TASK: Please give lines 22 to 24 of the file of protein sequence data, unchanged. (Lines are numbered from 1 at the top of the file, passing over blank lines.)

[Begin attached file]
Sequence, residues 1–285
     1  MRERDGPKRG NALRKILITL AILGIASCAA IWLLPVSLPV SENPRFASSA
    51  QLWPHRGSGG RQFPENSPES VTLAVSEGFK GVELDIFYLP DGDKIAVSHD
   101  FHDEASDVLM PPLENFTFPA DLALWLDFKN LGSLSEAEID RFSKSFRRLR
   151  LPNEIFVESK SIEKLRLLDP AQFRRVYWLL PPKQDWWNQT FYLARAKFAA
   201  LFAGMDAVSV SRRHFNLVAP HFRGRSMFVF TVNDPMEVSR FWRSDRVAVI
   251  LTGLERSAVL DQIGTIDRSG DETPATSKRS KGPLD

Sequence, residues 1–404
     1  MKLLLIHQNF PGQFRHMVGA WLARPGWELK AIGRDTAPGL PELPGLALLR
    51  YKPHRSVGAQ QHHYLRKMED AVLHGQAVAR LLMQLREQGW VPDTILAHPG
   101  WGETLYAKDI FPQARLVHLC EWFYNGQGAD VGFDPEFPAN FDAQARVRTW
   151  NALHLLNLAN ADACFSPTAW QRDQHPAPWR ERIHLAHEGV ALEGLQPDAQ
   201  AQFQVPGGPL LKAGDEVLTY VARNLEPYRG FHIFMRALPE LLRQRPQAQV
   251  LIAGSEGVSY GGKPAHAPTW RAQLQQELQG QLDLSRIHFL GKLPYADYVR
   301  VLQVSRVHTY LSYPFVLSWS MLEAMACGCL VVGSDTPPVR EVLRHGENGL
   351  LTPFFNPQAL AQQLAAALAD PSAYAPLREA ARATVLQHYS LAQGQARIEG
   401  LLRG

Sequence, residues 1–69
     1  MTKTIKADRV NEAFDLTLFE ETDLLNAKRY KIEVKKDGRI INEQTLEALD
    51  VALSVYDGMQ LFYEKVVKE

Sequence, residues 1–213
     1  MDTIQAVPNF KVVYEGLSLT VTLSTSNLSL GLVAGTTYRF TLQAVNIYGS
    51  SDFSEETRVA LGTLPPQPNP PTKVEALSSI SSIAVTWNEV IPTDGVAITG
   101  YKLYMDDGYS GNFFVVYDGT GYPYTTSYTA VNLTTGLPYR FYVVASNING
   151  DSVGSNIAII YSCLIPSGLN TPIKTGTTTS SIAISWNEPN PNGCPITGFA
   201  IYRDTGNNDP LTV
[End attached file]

     1  MDTIQAVPNF KVVYEGLSLT VTLSTSNLSL GLVAGTTYRF TLQAVNIYGS
    51  SDFSEETRVA LGTLPPQPNP PTKVEALSSI SSIAVTWNEV IPTDGVAITG
   101  YKLYMDDGYS GNFFVVYDGT GYPYTTSYTA VNLTTGLPYR FYVVASNING